Charles Rennie Mackintosh 1868–1928 Nationality: British
Scottish architect, designer (chiefly of furniture), and watercolourist, born and principally active in Glasgow. He was one of the most original and influential artists of his time and a major figure of *Art Nouveau. His most famous building is *Glasgow School of Art (1897–9), to which he later added a library block and other extensions (1907–9). They are strikingly original in style—clear, bold, and rational, yet with an element of fantasy. In his interior decoration and furniture design, often done in association with his wife, Margaret Macdonald (1864–1933), he worked in a sophisticated calligraphic style but avoided the exaggerated floral ornament often associated with Art Nouveau. His finest achievements in this field were four tea-rooms in Glasgow, designed with all their furniture and equipment for his patron Catherine Cranston (1897–c.1911, now mainly destroyed). Mackintosh had an enormous reputation among the avant-garde on the Continent, especially in Germany and Austria, where the advanced style of the early 20th century was sometimes known as ‘Mackintoshismus’; his work was widely exhibited and he was particularly esteemed among members of the Vienna *Sezession, who urged him to come and live in the city.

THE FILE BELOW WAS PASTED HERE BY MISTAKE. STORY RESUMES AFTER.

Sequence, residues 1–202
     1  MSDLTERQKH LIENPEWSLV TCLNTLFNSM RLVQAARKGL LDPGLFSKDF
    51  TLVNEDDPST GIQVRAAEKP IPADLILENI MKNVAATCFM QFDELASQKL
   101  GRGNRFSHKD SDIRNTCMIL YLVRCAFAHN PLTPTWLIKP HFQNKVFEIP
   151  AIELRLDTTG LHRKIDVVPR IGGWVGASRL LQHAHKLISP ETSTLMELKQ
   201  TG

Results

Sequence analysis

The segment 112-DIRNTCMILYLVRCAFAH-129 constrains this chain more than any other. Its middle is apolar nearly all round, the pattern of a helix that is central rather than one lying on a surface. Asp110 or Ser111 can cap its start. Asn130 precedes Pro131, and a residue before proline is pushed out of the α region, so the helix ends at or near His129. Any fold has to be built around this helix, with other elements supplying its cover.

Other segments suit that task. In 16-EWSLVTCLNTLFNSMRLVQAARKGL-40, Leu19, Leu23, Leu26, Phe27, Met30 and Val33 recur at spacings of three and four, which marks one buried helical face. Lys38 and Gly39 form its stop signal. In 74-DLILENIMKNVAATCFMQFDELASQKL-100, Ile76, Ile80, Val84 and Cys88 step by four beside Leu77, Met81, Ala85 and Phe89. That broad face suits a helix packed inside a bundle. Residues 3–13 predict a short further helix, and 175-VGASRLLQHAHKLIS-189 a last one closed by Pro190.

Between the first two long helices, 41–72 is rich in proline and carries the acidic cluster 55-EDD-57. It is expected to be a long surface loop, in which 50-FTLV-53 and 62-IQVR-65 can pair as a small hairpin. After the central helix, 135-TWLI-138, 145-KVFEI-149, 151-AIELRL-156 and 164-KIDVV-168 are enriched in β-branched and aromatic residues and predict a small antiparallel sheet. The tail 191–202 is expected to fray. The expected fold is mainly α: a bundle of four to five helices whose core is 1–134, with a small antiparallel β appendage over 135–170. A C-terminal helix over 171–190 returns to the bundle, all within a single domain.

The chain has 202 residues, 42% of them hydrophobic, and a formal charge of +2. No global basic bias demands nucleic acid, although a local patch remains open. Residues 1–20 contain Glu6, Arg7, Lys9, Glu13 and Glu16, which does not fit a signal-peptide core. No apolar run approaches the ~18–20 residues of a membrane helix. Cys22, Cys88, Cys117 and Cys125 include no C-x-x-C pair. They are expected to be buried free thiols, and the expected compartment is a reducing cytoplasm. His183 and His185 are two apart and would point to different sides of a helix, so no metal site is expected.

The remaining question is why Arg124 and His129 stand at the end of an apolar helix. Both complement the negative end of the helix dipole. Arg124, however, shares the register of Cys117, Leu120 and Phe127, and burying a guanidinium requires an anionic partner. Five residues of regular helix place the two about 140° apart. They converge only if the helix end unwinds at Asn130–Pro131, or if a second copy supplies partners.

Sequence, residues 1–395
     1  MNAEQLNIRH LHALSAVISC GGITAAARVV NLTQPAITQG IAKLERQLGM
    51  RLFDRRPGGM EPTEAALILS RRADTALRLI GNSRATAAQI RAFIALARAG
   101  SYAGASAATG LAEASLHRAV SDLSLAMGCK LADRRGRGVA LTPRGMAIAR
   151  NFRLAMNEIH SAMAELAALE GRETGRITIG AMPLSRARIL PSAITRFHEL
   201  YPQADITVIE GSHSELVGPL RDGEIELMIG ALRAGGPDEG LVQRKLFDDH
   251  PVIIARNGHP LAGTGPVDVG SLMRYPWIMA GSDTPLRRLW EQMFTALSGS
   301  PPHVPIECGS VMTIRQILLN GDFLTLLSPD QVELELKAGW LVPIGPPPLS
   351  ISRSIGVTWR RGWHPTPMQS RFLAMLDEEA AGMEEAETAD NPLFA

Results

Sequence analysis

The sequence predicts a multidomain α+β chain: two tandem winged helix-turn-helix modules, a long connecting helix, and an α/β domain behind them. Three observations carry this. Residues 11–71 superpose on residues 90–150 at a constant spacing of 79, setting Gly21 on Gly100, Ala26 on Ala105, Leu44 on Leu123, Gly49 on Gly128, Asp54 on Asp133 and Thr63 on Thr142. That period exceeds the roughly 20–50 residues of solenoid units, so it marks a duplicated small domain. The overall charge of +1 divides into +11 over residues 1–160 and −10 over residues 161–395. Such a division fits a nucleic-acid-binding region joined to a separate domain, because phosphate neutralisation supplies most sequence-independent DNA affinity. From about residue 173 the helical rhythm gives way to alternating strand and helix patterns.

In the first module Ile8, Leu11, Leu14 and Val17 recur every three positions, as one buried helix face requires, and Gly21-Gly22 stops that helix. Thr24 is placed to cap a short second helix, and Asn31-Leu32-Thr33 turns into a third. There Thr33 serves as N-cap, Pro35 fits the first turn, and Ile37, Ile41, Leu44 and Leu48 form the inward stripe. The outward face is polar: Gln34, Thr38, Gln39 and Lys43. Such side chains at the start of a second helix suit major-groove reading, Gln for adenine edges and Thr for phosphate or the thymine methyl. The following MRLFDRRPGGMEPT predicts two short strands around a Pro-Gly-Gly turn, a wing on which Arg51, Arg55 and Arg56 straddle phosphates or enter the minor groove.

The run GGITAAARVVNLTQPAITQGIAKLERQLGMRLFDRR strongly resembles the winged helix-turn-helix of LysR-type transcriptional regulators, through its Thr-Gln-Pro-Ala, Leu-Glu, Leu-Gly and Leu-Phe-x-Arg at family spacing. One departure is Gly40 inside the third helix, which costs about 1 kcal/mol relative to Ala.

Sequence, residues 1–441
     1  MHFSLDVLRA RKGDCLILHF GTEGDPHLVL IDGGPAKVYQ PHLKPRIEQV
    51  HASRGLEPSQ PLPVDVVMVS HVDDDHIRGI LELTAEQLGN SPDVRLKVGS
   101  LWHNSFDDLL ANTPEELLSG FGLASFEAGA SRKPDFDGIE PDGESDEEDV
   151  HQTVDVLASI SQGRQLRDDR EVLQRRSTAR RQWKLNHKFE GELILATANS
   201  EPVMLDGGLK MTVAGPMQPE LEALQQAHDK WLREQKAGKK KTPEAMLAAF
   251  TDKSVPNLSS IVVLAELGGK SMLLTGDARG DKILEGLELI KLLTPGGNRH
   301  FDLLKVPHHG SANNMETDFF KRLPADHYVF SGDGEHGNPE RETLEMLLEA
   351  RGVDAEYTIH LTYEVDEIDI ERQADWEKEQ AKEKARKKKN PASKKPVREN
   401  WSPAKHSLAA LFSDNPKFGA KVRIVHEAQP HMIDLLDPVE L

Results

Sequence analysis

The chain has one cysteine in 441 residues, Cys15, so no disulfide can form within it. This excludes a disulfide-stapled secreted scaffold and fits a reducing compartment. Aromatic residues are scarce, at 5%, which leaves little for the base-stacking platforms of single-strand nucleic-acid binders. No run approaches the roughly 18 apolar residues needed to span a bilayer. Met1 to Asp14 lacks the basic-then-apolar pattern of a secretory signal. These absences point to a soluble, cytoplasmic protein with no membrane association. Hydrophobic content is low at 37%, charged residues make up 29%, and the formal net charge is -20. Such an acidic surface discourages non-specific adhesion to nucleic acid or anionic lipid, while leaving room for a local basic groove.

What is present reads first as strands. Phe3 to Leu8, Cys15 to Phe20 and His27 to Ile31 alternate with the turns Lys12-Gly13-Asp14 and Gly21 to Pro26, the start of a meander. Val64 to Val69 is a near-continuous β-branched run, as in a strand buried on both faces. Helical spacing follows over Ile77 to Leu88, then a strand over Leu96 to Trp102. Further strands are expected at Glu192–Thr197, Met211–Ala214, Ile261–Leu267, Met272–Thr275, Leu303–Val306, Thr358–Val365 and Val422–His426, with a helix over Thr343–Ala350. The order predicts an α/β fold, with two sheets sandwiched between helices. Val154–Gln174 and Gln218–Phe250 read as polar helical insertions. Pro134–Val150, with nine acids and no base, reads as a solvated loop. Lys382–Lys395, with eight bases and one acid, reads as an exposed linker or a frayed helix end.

However, admiration was more restrained in his own country, where he antagonized fellow architects by criticizing traditional values: ‘How absurd it is to see modern churches, theatres, banks etc.…made in imitation of Greek temples’, he said in 1896. The First World War brought a decline in his career, for there was little call for work as sophisticated as his. In 1914 he moved to London and thereafter virtually gave up architecture. He did, however, do some fine work as a designer, particularly of fabrics.
About the interviewee Marcia McMillen
Marcia McMillen is a painter who wants the viewer to be drawn into her paintings to explore the fluid movement, layer and depth of the colors. Like a dance, the color moves back and forth with intrigue and wonder. McMillen can be contacted through her website, www.MarciaMcMIllen.com.
Never one to pass up a great art museum or a great latte, Jennifer King is an artist, arts writer, and marketing specialist from Cincinnati, Ohio.